Increasingly, arms companies are sponsoring public events and spaces in order to boost their profiles and increase their profits. This has caused artists and performers to take action and demand better. In this blog, a member of the Protest Stencil art collective explains why they removed their work from the Science Museum in London.
In a guest blog, Michelle Fahy of the Medical Association for Prevention of War exposes how the UK Royal Family has worked with arms companies and human rights abusers around the world. Many of those arms companies are using the Invictus games in Australia as a promotional vehicle. The Duke and Duchess of Sussex have
Amy Clark-Bryan writes about the upcoming protest against the Science Museum. For the second time the Science Museum will be hosting the official Farnborough International reception. The last time the Science Museum hosted the reception for the arms fair in 2014 it was met with activists with one clear
Last week I was in Derby to talk about CAAT's Arming all Sides project with the Derby People's History Group (DPHG). I'm a big fan of local history societies with a radical edge and DPH has done some impressive work, especially towards the rehabilitation of Alice Wheeldon. Born in Derby, Alice, a feminist and socialist, was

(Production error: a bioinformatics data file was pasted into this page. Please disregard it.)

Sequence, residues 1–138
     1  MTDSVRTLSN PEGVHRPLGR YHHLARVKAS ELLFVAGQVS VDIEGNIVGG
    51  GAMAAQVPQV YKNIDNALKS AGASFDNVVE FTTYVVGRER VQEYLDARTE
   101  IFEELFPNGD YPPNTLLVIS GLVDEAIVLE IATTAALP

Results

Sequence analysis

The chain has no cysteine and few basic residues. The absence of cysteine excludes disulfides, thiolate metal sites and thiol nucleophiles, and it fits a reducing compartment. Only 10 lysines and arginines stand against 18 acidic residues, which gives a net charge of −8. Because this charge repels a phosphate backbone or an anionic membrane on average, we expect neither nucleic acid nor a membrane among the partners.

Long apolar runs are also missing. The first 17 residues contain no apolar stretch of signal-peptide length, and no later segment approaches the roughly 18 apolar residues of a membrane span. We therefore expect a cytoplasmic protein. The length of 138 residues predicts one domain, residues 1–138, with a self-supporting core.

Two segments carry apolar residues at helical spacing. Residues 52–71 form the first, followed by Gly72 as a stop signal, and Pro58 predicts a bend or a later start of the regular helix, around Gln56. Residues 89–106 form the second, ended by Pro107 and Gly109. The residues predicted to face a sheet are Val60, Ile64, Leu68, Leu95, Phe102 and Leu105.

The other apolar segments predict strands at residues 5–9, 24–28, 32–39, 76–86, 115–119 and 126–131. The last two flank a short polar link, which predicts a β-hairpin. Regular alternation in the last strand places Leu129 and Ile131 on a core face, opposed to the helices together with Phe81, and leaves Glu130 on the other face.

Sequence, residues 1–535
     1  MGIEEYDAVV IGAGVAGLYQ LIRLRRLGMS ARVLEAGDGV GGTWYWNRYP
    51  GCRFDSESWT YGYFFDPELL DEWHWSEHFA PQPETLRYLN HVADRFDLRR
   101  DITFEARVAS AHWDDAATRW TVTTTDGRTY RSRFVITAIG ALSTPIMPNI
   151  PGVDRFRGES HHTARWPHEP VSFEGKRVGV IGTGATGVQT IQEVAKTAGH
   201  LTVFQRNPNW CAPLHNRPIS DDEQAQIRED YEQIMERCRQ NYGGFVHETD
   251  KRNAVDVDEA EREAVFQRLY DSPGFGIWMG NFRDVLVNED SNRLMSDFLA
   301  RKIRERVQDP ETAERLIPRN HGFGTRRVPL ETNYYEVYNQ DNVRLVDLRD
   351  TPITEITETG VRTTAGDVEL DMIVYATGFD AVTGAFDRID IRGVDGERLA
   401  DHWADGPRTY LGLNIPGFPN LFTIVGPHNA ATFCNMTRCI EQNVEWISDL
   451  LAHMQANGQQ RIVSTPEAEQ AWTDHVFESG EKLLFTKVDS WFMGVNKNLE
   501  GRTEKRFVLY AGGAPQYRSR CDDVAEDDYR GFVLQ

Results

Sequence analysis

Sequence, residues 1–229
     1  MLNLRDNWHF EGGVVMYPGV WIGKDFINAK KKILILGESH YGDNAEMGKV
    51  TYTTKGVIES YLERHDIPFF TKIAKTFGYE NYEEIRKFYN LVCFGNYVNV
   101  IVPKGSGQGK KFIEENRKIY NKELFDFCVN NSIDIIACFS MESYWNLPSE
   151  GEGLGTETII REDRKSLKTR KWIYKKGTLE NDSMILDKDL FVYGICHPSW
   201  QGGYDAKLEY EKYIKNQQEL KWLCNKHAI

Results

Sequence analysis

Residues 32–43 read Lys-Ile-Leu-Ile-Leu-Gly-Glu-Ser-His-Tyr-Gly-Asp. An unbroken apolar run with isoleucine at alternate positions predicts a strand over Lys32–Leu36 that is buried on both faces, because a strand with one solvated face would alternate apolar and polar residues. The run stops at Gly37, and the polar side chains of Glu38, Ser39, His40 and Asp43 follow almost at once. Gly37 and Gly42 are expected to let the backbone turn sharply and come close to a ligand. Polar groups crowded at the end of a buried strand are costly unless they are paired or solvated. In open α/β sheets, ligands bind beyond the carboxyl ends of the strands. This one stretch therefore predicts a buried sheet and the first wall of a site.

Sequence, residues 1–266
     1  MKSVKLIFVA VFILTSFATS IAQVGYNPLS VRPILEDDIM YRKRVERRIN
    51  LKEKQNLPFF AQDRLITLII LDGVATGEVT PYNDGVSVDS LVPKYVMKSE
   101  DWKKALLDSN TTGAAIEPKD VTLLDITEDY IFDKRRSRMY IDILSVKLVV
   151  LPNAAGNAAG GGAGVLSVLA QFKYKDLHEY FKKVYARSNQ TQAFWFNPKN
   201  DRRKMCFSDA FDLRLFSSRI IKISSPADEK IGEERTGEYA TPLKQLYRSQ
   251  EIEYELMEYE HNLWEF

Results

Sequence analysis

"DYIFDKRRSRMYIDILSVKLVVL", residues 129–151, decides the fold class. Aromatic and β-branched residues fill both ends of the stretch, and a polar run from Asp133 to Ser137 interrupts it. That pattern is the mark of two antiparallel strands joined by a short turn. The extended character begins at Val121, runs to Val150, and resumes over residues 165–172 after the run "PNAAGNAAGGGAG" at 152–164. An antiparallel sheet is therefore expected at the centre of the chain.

The last week has seen a significant victory for our campaign to get the arms trade out of public institutions. On Monday 18th May, the Public and Commercial Sector Union (PCS), which represents 5,000 workers in public galleries and museums across the UK, passed two motions at their annual conference in Brighton
The Science Museum justified its plans to host a ‘welcome reception’ for arms dealers from Farnborough International by telling us that Farnborough International was a ‘legitimate organisation’. So I went to Farnborough this week and saw what ‘legitimate’ looks like.
Who are the best people to teach children about science? You may say world renowned experts and professors, like Steven Hawking or Brian Cox, but you are unlikely to say opportunistic and repressive arms companies like Selex ES. Selex ES is a major arms company that makes surveillance systems, weapon control systems
“Social reforms which involve expenditure are at a standstill; we are making drastic cuts in the supplies for education and for housing; our hospitals are seriously embarrassed; our industries are crippled; our unemployed number more than 1,500,000, and yet in the last financial year we spent more than 23 million upon armaments. No wonder the